Five experiments conducting research on the subtle transformations of ghostlike subatomic neutrinos have been awarded the 2016 “Breakthrough Prize” in fundamental physics. The prize, founded in 2012 by a group of Silicon Valley innovators, recognizes profound contributions to human knowledge while working on the deepest mysteries of the universe. Additional prizes were awarded in life sciences and mathematics.
The $3 million award will be shared equally among researchers from Daya Bay, KamLAND, K2K/T2K, Sudbury Neutrino Observatory (SNO), and Super-Kamiokande (Super-K). Researchers from the U.S. Department of Energy’s (DOE) Brookhaven National Laboratory have made important contributions to the work at several of these experiments, including T2K, SNO and Super-K (the latter two having been honored with this year’s Nobel Prize in physics), and have a large and ongoing involvement in the Daya Bay Collaboration.
Daya Bay’s founding co-spokespersons—Kam-Biu Luk of the U.S. Department of Energy’s (DOE) Lawrence Berkeley National Laboratory and Yifang Wang of China’s Institute of High Energy Physics (IHEP) in Bejing—and this year’s Nobel laureates—Takaaki Kajita (Super-K) and Arthur B. McDonald (SNO)—were among those in attendance at the Breakthrough Prize award ceremony, broadcast live on the National Geographic Channel last night, to accept the prize on behalf of their collaborations.
“This is a wonderful honor for all neutrino researchers,” said Brookhaven Lab Director Doon Gibbs. “With this year’s Nobel Prize in physics also being awarded for neutrino research, perhaps 2015 should be renamed the year of the neutrino!”
Brookhaven and the Daya Bay Experiment
Neutrinos are elusive particles that flooded the universe in the earliest moments after the Big Bang. Today they are continually produced in the hearts of stars and other nuclear reactions, vastly outnumbering all other particles of matter. Untouched by electromagnetism, they respond only to the weak nuclear force and even weaker gravity, passing mostly unhindered through everything from planets to people.
The challenge of capturing these elusive particles inspired the Daya Bay Collaboration to design and precisely place its detectors at varying distances from the powerful nuclear reactors of the China Guangdong Nuclear Power Group. These reactors, at Daya Bay and nearby Ling Ao, produce 3500 billion billion elusive electron antineutrinos every second.
Brookhaven scientists led the collaboration’s detector engineering and design efforts, and developed software and analysis techniques for measuring neutrino oscillations. They perfected the “recipe” for a very special, chemically stable liquid that fills Daya Bay’s detectors and interacts with the antineutrinos.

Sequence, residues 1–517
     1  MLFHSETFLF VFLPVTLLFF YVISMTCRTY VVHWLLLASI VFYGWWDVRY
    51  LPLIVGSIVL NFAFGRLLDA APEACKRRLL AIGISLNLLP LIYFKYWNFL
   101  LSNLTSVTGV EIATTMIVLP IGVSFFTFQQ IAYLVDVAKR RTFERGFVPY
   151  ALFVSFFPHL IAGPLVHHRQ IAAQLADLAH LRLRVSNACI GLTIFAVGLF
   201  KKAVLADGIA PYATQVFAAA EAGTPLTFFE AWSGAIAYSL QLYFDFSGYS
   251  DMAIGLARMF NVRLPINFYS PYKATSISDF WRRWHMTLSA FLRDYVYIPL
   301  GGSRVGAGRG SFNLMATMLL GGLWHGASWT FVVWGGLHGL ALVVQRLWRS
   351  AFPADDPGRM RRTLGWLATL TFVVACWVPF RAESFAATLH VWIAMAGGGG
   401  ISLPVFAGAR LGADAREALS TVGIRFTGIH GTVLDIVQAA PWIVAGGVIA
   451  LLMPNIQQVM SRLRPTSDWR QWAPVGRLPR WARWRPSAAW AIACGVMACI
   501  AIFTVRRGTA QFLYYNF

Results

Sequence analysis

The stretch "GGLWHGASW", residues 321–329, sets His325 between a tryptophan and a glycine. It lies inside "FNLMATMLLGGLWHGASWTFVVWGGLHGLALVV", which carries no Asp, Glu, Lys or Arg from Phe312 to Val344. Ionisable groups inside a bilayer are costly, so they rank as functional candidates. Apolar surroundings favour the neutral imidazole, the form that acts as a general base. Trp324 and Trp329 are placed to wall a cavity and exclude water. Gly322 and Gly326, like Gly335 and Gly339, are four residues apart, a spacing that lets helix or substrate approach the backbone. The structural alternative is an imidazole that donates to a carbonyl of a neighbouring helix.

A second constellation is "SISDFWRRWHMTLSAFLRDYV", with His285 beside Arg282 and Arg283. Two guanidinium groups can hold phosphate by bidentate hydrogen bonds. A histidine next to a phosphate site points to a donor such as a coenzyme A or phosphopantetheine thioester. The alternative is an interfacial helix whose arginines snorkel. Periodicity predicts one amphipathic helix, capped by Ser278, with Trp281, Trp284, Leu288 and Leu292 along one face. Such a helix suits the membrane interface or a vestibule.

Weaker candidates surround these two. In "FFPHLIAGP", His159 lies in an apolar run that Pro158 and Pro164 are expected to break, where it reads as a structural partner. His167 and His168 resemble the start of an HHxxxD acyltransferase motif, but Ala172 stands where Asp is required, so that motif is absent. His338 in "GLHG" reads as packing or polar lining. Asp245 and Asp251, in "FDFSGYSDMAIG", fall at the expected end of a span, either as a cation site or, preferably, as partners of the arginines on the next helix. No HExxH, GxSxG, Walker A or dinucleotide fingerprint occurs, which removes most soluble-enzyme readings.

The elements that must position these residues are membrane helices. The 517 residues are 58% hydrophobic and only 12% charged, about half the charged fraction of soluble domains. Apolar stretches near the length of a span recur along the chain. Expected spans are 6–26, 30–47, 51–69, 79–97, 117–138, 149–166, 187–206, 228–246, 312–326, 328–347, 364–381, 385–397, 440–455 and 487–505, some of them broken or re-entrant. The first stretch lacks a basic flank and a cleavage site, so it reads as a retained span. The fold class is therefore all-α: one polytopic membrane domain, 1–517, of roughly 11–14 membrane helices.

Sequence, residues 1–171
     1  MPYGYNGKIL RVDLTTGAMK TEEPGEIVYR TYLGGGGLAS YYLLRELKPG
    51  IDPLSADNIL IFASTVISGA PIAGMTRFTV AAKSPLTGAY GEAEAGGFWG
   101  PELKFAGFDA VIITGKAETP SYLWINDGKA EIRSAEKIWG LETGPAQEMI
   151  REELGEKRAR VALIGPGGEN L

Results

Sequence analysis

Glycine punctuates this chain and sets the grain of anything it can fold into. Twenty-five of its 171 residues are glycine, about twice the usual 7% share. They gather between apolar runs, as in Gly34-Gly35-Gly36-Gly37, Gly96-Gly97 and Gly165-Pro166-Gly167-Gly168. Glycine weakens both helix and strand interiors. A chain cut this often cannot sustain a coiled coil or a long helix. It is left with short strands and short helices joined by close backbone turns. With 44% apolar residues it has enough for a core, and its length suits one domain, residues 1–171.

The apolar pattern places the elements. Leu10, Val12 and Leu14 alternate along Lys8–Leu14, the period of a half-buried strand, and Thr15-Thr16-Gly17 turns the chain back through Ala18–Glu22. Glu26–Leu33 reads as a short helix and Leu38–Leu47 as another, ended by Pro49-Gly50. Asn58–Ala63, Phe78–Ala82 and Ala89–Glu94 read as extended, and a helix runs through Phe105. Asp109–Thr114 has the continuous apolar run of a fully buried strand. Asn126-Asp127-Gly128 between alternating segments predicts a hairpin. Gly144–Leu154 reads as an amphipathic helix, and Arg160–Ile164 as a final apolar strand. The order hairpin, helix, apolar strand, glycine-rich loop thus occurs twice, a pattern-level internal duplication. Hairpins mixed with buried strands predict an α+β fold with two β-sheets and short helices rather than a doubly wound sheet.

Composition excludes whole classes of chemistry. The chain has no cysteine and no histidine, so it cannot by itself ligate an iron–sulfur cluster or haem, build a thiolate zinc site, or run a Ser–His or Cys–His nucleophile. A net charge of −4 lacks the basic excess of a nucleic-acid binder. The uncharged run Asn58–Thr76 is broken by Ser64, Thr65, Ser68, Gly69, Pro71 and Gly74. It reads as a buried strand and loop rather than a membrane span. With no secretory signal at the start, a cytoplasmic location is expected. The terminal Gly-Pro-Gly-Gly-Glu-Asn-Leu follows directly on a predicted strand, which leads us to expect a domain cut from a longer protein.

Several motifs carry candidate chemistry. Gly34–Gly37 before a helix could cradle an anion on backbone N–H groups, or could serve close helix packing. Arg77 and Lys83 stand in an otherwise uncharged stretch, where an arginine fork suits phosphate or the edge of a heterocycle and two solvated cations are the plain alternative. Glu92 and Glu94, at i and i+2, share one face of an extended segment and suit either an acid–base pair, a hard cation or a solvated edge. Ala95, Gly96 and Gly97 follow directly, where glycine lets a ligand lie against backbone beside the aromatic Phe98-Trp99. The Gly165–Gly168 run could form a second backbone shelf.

In 2012, the Daya Bay Collaboration published its first results, announcing the discovery of a new kind of neutrino oscillation with a measurement of how often electron antineutrinos mix and change into other neutrinos. Oscillations are the ways that neutrinos switch their identities among three known “flavors”—electron, muon, and tau—a complex behavior that may ultimately offer insight into why there is far more ordinary matter than antimatter in the universe today.
In September 2015, the collaboration published their highest-precision results to date, including measurement of the oscillation frequency. Oscillation frequency, in turn, offers insight into the different masses neutrinos can have—a significant detail considering that neutrinos were once thought to be massless. These results are critical to scientists’ understanding of neutrino oscillations and whether their current model of three-neutrino oscillations is correct. The work has also opened the door to using neutrinos to explore potential differences between matter and antimatter that might explain why the universe—created with equal parts matter and antimatter—is filled mostly with matter today.
“Beginning with the hypothesized existence of the neutrino nearly one hundred years ago, the exploration of the properties of neutrinos has been accomplished with a series of impressive breakthroughs in experimental technique,” said Brookhaven physicist and Daya Bay collaborator David Jaffe. “For Daya Bay to be recognized for our successful measurement of a new kind of neutrino oscillation is an inspiration and an honor.”
The Breakthrough Prizes
The Breakthrough Prizes were founded by Silicon Valley innovators Sergey Brin (Google) and Anne Wojcicki (23andMe), Jack Ma (Alibaba) and Cathy Zhang, Yuri Milner (DST Global) and Julia Milner, and Mark Zuckerberg (Facebook) and Priscilla Chan. For the past three years, the Breakthrough Prize has been honoring those at the forefront of the fundamental physics, life sciences and mathematics fields, while also aiming to inspire innovators in these fields for the future.
This year’s Prizes were announced at a Silicon Valley ceremony hosted by Emmy-nominated “Cosmos” executive producer and “Family Guy” creator Seth MacFarlane, broadcast live on the National Geographic Channel and FOX network on Sunday, November 8, at 10 p.m. U.S. Eastern Time. A one-hour version of the ceremony is scheduled to air on FOX on Sunday, November 29, 7-8 p.m. Eastern Time. The one-hour version will also air globally on the National Geographic Channel in 171 countries and 45 languages.